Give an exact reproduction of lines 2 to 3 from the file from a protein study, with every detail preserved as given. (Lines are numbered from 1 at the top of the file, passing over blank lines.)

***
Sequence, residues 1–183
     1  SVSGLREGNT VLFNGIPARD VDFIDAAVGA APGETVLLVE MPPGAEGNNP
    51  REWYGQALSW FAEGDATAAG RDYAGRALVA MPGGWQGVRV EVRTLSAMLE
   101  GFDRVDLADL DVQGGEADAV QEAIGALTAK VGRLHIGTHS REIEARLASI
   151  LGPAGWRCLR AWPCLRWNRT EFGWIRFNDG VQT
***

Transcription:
     1  SVSGLREGNT VLFNGIPARD VDFIDAAVGA APGETVLLVE MPPGAEGNNP
    51  REWYGQALSW FAEGDATAAG RDYAGRALVA MPGGWQGVRV EVRTLSAMLE